Pregnancy Week 23
Most people are beginning to notice your changing shape. Continue reading for additional information regarding the many things that are changing in both you and your baby.
Your uterus now extends about 1 ½ inches (3.8 cm) above your belly button, and your weight gain should be around 12 to 15 pounds (5.4 to 6.8 kg). Friends and family may comment on your size, telling you that you are too big or too small for your gestational age.
However, don’t take this personally, and talk with your healthcare provider before making any changes to your diet.
Your uterus is sitting directly on top of your bladder, which can cause you to leak fluid into your underwear. Sometimes it can be difficult to distinguish urine from amniotic fluid. If your membranes have ruptured, you will leak amniotic fluid, which can occur with a sudden gush or a constant trickle.
Amniotic fluid is odorless; if you notice fluid leaking, try to determine if it smells like urine or if it is odorless. If it does not seem to be urine, call your healthcare provider immediately.
Your baby has finally reached a weight of 1 pound (.45 kg) and is approximately 11 to 14 inches (28 to 36 cm) long.
Your baby is continuing to gain weight. Over the next several weeks, your baby will really begin to fill out. Lanugo, or the fine hair that covers your baby’s body, may darken at this point, allowing it to be seen on an ultrasound. Your baby is also looking more like a newborn.
If you are currently working, you should be finalizing the plans and paperwork for your maternity leave. Make sure that you have talked with both your supervisor and human resources department to ensure that everyone is on the same page.
You want to be informed on what your rights in the work place are during pregnancy.
Many women wonder how long they should continue to work while pregnant. Some women will stop working around the 7th or 8th month, while other women work up until their delivery day. There is not a right or wrong answer to how long you should work.
You can work as long as you feel you can, unless you develop complications that require bed rest.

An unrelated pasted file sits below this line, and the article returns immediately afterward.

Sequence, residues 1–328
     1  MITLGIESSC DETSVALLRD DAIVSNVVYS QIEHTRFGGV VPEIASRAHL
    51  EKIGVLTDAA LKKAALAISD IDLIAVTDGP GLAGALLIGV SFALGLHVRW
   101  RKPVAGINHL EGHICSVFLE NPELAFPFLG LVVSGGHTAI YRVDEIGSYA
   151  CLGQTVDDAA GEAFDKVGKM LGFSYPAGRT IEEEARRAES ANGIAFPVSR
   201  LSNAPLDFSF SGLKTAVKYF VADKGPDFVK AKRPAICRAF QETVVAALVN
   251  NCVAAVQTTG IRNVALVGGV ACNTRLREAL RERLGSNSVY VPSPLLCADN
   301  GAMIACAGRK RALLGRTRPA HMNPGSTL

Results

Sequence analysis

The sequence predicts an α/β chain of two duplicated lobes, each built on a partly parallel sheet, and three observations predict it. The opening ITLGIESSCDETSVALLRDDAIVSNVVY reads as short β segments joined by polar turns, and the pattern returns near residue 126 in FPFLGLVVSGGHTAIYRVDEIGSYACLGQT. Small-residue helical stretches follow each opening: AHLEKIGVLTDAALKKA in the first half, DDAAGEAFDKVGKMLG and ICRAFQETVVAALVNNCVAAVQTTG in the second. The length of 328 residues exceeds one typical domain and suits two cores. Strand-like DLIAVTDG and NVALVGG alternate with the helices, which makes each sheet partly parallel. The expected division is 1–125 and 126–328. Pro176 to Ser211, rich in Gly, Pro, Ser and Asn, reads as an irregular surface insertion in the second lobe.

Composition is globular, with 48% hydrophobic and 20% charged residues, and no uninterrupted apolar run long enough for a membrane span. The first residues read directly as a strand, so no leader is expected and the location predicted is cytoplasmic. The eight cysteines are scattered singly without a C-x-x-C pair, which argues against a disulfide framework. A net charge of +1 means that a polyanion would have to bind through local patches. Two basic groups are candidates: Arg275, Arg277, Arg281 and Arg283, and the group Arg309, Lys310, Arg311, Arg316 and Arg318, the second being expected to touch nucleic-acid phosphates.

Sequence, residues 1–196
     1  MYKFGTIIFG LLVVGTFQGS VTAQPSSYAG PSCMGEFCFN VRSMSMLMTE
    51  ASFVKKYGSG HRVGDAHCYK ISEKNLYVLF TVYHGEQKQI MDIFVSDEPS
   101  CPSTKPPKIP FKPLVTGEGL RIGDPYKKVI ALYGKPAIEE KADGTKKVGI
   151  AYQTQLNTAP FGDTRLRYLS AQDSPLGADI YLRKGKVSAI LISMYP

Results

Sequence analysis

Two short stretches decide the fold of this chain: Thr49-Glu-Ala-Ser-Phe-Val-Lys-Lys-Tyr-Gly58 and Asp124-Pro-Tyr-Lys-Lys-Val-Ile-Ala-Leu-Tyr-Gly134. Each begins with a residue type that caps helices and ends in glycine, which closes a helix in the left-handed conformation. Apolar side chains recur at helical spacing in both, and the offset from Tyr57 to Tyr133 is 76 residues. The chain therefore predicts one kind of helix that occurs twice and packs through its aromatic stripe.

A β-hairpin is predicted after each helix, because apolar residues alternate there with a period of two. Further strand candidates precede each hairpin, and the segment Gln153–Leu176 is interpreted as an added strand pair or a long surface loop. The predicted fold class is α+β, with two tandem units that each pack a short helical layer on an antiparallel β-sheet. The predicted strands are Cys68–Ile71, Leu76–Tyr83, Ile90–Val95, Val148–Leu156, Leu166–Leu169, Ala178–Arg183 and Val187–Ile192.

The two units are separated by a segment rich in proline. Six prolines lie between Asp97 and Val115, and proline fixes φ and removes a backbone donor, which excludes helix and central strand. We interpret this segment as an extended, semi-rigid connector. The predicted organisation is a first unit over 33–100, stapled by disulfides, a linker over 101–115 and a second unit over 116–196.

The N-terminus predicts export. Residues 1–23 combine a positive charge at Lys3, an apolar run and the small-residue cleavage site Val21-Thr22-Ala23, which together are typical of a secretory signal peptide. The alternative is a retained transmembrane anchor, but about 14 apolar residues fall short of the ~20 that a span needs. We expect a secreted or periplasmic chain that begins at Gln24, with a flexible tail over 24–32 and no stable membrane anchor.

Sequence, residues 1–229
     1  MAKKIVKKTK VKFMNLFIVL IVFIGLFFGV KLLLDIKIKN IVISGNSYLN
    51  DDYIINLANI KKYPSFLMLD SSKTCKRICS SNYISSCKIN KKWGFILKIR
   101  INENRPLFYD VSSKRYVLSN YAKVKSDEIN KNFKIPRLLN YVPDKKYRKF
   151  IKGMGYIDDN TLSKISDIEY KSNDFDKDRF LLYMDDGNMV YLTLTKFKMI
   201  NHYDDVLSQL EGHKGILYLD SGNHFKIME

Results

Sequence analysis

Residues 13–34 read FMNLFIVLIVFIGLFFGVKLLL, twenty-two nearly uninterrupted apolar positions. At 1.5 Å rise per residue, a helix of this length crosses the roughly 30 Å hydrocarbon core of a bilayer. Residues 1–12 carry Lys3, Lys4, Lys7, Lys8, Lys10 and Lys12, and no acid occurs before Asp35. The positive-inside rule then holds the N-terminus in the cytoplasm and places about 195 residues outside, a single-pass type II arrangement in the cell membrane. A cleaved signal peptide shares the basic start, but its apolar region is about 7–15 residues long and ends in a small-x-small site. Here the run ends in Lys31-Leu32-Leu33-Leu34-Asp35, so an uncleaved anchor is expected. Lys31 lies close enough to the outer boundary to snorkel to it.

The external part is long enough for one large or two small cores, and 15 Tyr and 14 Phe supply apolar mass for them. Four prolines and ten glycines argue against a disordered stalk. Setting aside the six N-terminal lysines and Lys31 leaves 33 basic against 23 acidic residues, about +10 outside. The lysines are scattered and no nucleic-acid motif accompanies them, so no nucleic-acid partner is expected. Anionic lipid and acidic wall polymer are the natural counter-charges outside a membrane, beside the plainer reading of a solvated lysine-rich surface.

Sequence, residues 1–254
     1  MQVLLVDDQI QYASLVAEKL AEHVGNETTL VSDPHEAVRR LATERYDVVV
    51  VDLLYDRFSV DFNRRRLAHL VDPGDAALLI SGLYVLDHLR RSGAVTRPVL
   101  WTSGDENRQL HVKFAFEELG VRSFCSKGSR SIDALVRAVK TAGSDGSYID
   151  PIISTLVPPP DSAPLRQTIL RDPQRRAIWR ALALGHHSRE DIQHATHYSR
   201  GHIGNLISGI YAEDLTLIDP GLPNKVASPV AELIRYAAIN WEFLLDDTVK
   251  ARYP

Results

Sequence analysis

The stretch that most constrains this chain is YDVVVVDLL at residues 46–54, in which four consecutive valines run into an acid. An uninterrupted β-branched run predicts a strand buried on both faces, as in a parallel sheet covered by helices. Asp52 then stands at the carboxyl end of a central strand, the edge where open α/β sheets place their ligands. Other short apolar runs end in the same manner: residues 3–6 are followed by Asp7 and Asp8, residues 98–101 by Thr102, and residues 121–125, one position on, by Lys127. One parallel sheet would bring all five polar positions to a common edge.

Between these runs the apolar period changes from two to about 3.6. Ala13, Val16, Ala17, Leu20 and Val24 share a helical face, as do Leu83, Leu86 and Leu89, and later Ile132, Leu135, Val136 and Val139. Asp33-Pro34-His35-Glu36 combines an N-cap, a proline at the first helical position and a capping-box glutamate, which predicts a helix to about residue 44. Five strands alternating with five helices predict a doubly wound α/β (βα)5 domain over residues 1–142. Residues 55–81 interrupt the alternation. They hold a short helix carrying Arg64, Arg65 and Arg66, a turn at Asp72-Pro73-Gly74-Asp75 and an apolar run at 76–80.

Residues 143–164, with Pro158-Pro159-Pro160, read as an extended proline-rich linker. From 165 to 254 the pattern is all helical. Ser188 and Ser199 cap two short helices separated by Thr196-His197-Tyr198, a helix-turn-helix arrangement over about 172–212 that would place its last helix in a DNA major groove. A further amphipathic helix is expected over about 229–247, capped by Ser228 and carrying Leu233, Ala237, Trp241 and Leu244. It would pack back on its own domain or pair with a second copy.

You will also want to think about the following:
- After the baby is born, are you going to go back to work or become a stay at home mom?
- If you decide to work, who will care for your baby? Your partner? Another family member?
- Would you feel confident taking your baby to a day care or a mother’s day out program?
It is best to go ahead and begin discussing these issues with your partner so necessary arrangements can be made.
Drinking plenty of fluids, especially water, is extremely important during pregnancy. While it is best to drink water, you can also drink vegetable juice, fruit juice, milk, and some herbal teas. You want to avoid coffee, and sodas due to their caffeine content.
They are also diuretics, which can decrease the amount of fluids in your body and cause you to become dehydrated. If you are drinking enough water, your urine should be pale yellow or even clear; dark yellow urine is an indication that you are not drinking enough water.
Drinking enough water can help prevent:
Paternity leave is when the father takes off time from work after the birth of a child. You will need to see what your employer offers in terms of paternity leave. Currently most of this is un-paid time off, but several states are working on laws that will change this to paid time off.
Begin discussing your options with your partner regarding paternity leave, and begin creating a game plan for the first several weeks of your new baby’s life.
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